The Columbus Blue Jackets deserve a lot of credit for battling back from a 3-1 deficit against the Pittsburgh Penguins to earn their franchise’s first playoff win. That being said, did Pittsburgh’s overconfidence and desire to add to an already comfortable lead contribute to the team’s downfall?
That was the verdict of Pittsburgh Tribune-Review columnist Joe Starkey. Or as he put it:
They never learn.
Every time the Penguins start to feel good about themselves, it seems they want to feel better. Good isn’t good enough. They are hockey’s great narcissists — hopelessly addicted to their own wondrous skill.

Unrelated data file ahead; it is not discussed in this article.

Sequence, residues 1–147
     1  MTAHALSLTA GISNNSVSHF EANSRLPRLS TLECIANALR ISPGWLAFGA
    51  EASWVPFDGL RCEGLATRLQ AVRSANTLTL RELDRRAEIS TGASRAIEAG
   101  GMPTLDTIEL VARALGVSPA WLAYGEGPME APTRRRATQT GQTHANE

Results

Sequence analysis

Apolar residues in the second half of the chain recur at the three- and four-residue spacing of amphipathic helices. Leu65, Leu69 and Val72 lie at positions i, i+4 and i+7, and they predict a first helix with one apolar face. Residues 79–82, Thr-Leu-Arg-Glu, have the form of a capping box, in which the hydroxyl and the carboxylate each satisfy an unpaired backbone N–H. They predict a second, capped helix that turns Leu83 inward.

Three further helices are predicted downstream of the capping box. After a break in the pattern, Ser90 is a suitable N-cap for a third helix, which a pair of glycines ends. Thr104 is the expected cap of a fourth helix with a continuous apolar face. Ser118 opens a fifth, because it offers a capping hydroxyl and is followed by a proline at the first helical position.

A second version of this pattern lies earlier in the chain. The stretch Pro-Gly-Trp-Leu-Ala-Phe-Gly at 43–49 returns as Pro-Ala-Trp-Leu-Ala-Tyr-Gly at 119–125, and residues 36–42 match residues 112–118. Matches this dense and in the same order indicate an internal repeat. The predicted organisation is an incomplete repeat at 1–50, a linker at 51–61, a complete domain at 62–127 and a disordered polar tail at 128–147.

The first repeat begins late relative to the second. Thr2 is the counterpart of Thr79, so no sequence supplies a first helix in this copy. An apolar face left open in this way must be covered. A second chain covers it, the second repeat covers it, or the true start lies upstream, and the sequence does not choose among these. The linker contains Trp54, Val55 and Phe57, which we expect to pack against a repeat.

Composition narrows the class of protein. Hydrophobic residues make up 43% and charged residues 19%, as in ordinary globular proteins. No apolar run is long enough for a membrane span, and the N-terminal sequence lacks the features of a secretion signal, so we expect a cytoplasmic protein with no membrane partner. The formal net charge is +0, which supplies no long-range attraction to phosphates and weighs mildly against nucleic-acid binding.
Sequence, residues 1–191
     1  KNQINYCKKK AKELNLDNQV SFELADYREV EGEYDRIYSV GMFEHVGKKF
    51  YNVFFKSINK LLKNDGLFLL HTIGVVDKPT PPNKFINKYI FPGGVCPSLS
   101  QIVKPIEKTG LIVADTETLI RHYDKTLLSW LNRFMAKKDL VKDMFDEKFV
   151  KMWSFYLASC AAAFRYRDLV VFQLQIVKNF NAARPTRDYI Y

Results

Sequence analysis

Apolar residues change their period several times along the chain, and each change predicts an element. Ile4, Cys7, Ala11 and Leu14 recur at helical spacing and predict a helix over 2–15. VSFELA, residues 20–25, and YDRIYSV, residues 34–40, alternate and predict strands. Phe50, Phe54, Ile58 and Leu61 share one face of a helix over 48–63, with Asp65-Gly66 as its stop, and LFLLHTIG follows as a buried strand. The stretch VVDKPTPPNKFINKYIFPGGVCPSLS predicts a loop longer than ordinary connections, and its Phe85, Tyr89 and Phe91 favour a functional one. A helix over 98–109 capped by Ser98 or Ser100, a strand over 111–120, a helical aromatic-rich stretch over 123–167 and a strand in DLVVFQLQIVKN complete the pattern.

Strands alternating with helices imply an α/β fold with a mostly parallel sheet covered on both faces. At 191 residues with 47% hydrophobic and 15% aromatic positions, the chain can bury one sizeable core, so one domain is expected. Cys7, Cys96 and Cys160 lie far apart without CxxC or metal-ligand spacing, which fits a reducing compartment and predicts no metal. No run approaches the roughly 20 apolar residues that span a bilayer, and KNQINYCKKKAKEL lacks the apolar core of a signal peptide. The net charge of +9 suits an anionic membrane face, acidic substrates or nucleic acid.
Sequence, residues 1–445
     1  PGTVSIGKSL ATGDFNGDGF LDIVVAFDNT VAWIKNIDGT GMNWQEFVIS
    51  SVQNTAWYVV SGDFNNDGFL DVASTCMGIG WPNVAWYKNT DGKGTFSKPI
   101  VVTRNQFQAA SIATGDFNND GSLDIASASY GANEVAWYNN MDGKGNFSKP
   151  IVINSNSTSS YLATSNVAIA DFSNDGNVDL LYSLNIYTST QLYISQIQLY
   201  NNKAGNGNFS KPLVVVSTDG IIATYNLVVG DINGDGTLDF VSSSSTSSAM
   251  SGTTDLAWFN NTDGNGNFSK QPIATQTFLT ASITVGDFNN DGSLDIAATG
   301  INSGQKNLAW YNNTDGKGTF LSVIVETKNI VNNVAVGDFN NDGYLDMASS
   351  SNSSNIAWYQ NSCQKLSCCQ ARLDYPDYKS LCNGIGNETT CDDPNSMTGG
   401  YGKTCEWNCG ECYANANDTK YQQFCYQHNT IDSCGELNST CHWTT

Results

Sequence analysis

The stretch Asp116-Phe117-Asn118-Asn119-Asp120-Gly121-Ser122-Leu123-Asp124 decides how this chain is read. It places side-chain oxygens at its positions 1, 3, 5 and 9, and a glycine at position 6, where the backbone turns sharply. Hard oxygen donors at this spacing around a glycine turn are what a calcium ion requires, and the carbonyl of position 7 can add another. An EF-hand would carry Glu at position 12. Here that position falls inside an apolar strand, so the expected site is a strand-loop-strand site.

One example of what Starkey is referring to was Pittsburgh’s decision to put out four forwards during a Columbus penalty midway through the second period. The Blue Jackets scored nine shorthanded goals in the regular season and had already added another to that list in Game 1 of this series.
So even down a man, the Blue Jackets are a threat to score, and they did, narrowing the Penguins’ lead to just one goal:
“The shorthanded goal for us was, I thought, the difference maker in the game,” Blue Jackets coach Todd RIchards told the Columbus Dispatch’ Aaron Portzline. “It gave hope to our guys.”
It was also the byproduct of “sheer Penguins arrogance,” according to Starkey.
Columbus went on to earn a 4-3 double-overtime victory. Pittsburgh has now allowed at least three goals in 15 of its last 23 playoff contests, dating back to 2012.